students covering up Lech Walesa display in protest of name
students covering up Lech Walesa display in protest of name
Ryland Roberts

“But they can’t walk around the city on their toes and confuse my grandchildren.” – Lech Walesa, 2019

Since the release of the Lech Walesa Hall (LWH) article from the last issue of the Independent, students have been taking action around NEIU. You might have noticed posters titled “RENAME LECH WALESA HALL” hung around the school. Those were posted by Ross Vecchione, a first-year student who plans on majoring in physical education. With a past in social justice, he quickly put himself in motion to get the word out with his petition about changing the name of LWH to something else, telling everyone he knew about the history behind the name and why we should care as students.

Picture of Ross Vecchione (Ryland Roberts)

“That they make an effort to include all types of students and naming a building after somebody who not only has been sort of seen as like as someone who’s just homophobic but also someone who just representative of the past and has continued to change the society is not really that great,” Vecchione said to the Independent when asked how he believes the current name of the building affects the community. 


On NEIU’s website, there is a statement on diversity: “Northeastern Illinois University is the most diverse public comprehensive university in the Midwest. This diversity affects the core of the institution – we learn, teach, and work in an environment that is made richer, more relevant, and more rewarding by the deeply diverse group of individuals that makes up our University community.” With NEIU’s diversity clause in question, what are students doing in protest of LWH’s name?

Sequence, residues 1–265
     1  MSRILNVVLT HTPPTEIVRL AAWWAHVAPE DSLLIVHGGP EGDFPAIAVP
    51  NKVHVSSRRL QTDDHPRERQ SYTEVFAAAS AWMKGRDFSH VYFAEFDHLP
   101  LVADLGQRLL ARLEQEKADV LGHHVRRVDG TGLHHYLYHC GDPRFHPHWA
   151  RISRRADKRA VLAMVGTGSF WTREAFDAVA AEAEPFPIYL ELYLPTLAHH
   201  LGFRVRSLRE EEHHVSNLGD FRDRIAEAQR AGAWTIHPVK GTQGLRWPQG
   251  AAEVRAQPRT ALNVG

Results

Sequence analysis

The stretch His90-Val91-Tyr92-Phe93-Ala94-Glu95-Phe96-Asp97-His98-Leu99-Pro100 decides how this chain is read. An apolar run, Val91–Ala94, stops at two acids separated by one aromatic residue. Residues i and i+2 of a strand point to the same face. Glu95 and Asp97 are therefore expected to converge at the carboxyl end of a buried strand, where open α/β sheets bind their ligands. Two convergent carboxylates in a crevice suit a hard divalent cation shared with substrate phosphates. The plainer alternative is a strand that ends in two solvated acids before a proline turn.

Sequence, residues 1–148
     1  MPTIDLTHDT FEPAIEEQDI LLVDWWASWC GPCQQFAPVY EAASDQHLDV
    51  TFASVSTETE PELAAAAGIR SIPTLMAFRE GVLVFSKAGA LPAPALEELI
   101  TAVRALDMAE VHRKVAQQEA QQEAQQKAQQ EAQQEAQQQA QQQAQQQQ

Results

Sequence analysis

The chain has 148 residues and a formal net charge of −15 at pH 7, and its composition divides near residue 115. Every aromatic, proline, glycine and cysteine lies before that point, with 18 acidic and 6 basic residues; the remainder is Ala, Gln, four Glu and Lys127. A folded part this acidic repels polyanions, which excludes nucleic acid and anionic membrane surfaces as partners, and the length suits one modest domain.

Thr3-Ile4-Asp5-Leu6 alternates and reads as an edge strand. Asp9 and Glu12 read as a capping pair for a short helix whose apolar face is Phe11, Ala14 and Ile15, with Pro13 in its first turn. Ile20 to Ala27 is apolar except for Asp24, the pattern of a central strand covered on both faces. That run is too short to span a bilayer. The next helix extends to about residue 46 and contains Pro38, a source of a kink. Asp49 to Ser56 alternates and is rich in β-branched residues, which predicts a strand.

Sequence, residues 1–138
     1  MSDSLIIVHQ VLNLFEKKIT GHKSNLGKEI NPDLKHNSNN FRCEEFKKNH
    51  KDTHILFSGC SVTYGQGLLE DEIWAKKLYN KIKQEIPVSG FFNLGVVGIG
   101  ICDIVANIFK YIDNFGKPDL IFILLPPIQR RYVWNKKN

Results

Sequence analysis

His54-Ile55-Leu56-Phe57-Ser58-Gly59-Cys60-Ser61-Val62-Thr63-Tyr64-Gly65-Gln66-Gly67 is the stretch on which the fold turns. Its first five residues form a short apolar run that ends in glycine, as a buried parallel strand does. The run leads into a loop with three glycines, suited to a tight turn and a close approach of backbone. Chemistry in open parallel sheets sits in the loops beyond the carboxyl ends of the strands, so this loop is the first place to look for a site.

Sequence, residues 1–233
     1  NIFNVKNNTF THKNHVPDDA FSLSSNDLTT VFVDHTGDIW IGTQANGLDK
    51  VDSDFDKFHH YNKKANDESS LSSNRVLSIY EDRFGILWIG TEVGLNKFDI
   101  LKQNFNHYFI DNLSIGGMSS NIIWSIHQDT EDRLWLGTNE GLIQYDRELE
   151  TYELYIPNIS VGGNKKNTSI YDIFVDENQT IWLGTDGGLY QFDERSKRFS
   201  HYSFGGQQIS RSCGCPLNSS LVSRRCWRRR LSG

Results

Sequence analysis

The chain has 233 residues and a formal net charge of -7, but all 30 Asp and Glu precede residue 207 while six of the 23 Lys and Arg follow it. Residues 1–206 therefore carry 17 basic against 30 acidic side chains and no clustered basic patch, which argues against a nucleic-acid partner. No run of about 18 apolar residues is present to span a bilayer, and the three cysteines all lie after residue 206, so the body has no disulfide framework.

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One of the Independent’s photographers caught Ross with a few friends getting ready to put up a large sheet of paper to cover Lech Walesa’s mini-exhibit. The paper was covered with little rainbow hearts. 


Right, yes. But they can’t walk around the city on their toes and confuse my grandchildren. This is not normal, the majority is different, and they have to conform to this majority. They have to submit to the majority and this is how our children trick us,” Walesa said in a 2019 WP article. Now, one may ask why this comment didn’t gain any traction. 


With the knowledge of what Walesa said being spread through the paper or by word of mouth, students are jumping into action. Vecchione posted posters and spread his petition around school, and other students joined in. Many may wonder what’s next. History repeats itself sometimes; will we see the same events unfold like they did in 2013, when Lech Walesa first came out with his set of homophobic comments? Only time will tell.

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